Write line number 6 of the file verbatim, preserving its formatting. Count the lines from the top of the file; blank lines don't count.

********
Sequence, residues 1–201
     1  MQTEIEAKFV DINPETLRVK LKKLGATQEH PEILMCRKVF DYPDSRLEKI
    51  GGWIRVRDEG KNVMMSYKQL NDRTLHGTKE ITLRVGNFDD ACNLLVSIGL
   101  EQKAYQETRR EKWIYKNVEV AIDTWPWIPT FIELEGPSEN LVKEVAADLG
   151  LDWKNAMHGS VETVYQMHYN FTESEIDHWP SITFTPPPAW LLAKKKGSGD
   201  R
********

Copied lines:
   201  R